Flisspaps Sat 09-Feb-13 15:06:02

reet that's the THIRD time on this thread that you've said this CM can't be lazy 'because she goes to groups'.

Attending groups is NOT an indicator of how hard working a CM is (or not). I don't do groups, but that doesn't make me any more or less 'lazy' than a CM who attends every group going.

ReetPetit Sat 09-Feb-13 11:32:45

i would be surprised if this cm really does sit for the whole 2 hours barking out orders at her mindees and not moving an inch. if that is the true situation then yes, she sounds lazy and should be challenged my one of the other cms in the group or whoever is running the group...
the op didn't say this origanally which is why i think people couldn't see the problem.
like i said before, yes, she sounds lazy BUT she is going to groups with them. if she was really, really lazy she wouldn't even go to groups.
i think if she is truly bad then you should say something op!

Mrscupcake23 Sat 09-Feb-13 10:43:22

I don't think bright pink has changed her story unless I am missing something. I do think if you are getting paid to look after someone else's child you should make more of an effort .( I was a bit more lazy with my own children than minded ones)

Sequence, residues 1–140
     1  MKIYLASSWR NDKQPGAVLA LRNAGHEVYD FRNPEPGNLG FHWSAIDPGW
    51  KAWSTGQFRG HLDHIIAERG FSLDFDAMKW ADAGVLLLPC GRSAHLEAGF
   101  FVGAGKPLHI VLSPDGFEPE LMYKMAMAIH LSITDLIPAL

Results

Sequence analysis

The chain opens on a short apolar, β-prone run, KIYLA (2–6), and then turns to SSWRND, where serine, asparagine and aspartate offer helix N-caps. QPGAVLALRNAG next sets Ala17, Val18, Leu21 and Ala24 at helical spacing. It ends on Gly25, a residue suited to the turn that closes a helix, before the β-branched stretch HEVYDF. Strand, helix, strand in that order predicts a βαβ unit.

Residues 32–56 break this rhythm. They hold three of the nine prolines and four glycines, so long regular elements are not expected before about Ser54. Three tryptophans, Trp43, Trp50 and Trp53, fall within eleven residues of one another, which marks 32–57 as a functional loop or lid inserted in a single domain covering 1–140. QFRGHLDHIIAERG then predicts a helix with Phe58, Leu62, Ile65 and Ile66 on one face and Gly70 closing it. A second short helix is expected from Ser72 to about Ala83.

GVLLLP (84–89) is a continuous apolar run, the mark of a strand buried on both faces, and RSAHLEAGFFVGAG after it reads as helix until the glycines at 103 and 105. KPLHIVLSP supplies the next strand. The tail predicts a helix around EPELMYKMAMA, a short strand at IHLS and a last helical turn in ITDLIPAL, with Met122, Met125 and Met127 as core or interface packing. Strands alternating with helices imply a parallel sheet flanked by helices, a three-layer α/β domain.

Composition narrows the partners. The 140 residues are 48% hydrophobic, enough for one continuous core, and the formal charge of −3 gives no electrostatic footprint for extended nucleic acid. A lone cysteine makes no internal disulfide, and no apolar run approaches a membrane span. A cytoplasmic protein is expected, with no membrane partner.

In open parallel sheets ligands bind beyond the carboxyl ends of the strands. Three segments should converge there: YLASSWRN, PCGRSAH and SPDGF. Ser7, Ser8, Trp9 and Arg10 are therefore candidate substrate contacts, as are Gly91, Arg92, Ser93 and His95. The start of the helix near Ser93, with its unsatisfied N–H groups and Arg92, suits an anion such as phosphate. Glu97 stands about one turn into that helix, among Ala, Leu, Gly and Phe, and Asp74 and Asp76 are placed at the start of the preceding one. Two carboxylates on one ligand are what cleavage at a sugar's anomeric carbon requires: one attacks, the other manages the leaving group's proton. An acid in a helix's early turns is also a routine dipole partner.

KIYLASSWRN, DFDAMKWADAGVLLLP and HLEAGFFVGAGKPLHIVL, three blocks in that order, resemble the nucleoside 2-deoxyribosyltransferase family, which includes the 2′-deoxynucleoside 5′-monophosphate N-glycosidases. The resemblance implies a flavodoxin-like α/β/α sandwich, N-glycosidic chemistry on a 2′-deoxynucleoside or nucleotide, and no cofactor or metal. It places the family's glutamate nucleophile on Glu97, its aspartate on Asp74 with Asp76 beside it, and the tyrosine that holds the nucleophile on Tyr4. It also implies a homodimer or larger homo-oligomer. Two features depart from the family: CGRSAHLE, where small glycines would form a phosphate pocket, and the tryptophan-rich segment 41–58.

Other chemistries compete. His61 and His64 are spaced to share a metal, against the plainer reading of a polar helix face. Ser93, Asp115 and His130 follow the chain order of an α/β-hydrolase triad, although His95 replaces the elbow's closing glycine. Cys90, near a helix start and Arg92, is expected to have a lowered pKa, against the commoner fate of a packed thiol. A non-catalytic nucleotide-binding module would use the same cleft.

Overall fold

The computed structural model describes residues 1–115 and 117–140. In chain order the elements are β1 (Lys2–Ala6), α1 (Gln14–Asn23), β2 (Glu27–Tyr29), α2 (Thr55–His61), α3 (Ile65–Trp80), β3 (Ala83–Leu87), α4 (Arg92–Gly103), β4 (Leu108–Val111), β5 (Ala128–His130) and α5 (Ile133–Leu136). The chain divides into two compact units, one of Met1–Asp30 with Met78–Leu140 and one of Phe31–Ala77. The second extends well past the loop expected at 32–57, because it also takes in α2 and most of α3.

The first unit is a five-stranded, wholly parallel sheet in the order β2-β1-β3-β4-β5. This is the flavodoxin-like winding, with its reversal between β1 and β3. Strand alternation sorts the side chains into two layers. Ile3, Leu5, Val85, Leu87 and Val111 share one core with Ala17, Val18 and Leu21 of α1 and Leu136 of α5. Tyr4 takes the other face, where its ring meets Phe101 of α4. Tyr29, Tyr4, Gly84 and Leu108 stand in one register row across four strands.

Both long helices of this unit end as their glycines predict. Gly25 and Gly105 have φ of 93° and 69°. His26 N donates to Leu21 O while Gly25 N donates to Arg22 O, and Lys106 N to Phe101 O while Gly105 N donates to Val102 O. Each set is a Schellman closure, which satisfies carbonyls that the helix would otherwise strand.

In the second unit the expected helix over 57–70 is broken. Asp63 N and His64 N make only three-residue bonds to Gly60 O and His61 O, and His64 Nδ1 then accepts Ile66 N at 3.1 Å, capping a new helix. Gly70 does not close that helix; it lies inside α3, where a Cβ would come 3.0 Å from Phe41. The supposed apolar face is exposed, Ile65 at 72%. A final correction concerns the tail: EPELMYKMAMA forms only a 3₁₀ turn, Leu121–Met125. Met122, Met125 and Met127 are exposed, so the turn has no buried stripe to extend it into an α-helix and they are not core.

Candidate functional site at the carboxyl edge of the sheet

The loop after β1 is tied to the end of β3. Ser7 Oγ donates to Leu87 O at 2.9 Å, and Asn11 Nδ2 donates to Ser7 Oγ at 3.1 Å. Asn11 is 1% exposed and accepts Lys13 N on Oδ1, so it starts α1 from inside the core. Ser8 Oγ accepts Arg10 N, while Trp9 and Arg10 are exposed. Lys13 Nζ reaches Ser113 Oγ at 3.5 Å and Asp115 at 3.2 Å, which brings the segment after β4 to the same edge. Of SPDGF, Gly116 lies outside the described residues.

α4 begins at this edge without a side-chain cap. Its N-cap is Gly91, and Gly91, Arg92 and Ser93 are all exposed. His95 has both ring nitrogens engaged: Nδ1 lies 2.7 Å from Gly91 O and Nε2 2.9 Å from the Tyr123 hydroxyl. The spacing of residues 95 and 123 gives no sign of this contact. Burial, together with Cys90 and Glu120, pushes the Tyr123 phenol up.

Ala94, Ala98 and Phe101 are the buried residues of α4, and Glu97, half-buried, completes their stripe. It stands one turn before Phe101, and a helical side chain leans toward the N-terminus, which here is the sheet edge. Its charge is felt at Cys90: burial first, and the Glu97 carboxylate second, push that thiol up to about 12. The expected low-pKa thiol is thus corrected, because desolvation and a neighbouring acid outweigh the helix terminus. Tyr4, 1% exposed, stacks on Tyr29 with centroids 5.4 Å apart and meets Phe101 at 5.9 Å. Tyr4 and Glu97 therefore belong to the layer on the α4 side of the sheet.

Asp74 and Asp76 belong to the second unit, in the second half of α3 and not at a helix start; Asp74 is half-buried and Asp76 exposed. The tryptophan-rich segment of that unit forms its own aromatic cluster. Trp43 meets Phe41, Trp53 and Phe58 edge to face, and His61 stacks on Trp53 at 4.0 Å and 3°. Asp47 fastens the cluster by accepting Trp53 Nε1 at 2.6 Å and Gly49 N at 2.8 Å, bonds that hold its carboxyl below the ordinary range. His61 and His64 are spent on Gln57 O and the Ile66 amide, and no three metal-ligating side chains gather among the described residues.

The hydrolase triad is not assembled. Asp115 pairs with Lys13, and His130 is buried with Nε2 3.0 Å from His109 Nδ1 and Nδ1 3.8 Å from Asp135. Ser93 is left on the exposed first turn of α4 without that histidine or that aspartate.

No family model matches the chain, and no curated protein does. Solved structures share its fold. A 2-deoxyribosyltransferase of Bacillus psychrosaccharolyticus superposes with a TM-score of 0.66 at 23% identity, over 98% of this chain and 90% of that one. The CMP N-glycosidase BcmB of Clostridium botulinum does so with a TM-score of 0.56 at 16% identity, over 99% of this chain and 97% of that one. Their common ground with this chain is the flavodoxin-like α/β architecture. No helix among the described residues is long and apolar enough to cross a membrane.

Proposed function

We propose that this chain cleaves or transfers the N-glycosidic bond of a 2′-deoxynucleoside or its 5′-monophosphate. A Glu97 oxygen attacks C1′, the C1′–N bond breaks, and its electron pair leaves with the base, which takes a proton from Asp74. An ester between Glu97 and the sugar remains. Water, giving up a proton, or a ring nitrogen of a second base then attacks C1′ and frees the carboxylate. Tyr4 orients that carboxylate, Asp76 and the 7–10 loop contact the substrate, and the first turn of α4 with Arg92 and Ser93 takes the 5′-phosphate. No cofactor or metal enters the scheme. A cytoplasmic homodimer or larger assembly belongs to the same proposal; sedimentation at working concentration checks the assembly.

Not all childminders are brilliant,or nannies or doctors. There has been a couple of threads on childminders this week and you do all tend to jump in and stick together.

knackeredmother Sat 09-Feb-13 10:16:16

Reetpetit: I wouldn't expect any professional to take a 2 hour break. I'm not on my high horse at all, parents are paying for a service. No I don't get a break in my job but not do most professionals I know. I'm a doctor as you ask not that's it's relevant.

brightpink, what folk are saying is that your opening post was grumbling about the CM sitting around and occasionally saying don't do that johnny to the children who are being attention-seeking with others, then you subsequently appeared to embellish it to the children pushing and shoving, after some posters said ''hmm not sure what the prob is''

drip-feeding of info, usually to try to get posters to change their minds, can really rile seasoned MNers [understatement]

any fwiw imo there IS a balance to be struck, between standing back and letting the children get on with learning to mix, to share, to take turns, to lead play, to follow play and being nearer, on hand, to intervene if necessary, depending on the ages and stages of the children in one's care that day. Sitting around on one's arse does not fall into either camp